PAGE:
Over the past decade, the number of people seeking mental health care at public hospitals has increased by 60 percent and only 1 in 3 people requiring hospitalisation are able to access a bed. Victoria has the lowest number of full-time mental health medical staff per capita in Australia. Overall, Victoria’s access to mental health services is 39 percent below national average.

Young people who are denied hospitalisation are at a greatly increased risk of harming themselves or even ending their own lives.

The government’s response to this mounting crisis has been to fund more private hospitals. Under the two-tier healthcare system supported by both Labor and Liberal governments, wealthy Australians get access to top-quality private healthcare, while working people must rely on underfunded public services.

In the wake of Herron’s murder, proponents of identity politics have been quick to dismiss any suggestion that the lack of treatment for drug addiction and psychological problems contributed to the crime. This week, feminist Clementine Ford has absurdly denied that violent crime is a social issue, claiming instead that it stems from “the culture of a gender-unequal world,” where “Men don’t choose to kill their wives and girlfriends because they were born with the ‘bad man’ gene—they choose this course of action because patriarchy has convinced them they are entitled to…”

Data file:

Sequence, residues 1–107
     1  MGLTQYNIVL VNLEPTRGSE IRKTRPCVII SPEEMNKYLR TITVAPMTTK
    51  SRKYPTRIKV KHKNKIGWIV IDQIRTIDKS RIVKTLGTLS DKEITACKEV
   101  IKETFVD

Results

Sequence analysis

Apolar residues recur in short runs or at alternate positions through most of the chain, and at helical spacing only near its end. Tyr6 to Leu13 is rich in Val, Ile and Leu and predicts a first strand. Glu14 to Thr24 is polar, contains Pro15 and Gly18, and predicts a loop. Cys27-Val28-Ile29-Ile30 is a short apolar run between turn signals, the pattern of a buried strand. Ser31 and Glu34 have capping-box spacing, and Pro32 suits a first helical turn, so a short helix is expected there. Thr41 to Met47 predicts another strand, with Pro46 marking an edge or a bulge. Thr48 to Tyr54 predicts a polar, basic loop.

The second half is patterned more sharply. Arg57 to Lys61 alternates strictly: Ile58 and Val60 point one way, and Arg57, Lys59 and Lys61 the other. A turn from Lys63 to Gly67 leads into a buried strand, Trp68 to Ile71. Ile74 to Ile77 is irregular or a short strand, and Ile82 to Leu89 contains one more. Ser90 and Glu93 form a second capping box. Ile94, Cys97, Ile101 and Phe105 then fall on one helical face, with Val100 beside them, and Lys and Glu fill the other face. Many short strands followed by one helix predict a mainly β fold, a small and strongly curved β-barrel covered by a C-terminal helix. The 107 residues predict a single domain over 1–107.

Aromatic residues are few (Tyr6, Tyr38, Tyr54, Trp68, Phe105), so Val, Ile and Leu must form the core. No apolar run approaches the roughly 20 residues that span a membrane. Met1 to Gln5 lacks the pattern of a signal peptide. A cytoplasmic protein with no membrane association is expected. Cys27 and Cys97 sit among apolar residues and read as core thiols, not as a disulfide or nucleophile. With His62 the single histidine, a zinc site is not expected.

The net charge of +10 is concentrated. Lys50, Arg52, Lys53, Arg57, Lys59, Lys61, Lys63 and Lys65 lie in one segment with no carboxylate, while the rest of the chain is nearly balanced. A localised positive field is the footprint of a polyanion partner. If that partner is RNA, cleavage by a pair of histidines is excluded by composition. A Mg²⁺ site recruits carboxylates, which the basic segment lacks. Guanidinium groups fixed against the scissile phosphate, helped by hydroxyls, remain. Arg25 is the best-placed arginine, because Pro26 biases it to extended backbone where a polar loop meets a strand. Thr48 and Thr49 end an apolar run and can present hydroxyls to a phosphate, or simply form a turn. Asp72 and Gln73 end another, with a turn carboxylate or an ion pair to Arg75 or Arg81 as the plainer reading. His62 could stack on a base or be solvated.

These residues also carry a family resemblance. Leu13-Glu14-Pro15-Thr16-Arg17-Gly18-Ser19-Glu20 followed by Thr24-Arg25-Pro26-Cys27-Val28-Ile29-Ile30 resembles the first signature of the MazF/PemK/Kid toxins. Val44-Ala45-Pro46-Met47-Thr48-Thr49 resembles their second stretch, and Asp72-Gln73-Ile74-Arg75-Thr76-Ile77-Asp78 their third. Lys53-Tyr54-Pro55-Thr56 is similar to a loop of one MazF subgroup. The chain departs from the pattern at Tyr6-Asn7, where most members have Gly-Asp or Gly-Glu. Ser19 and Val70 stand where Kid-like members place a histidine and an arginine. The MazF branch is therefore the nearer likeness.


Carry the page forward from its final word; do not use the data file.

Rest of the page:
This dovetails with the comments of the Victoria Police whose spokesperson suggests that gender was the sole reason for Herron’s death and urged men to speak to their sons about how to interact healthily with women.

This response reflects the utter indifference expressed by the representatives of a privileged middle-class milieu whose gender-based politics covers up the culpability of governments in imposing the worsening social crisis onto the working class.

The truth is, those who commit such acts of violence are not “ordinary men” (or women for that matter), but more often suffer from unemployment, poverty, substance abuse and mental health crises. The criminally inadequate healthcare system in Australia is responsible for young men and women being deprived of the support they need to improve their lives.

Once again, the failures of the capitalist system have been blamed upon the working class. Courtney’s death was a tragic result of a broken social system, under which financial profit is put before human life.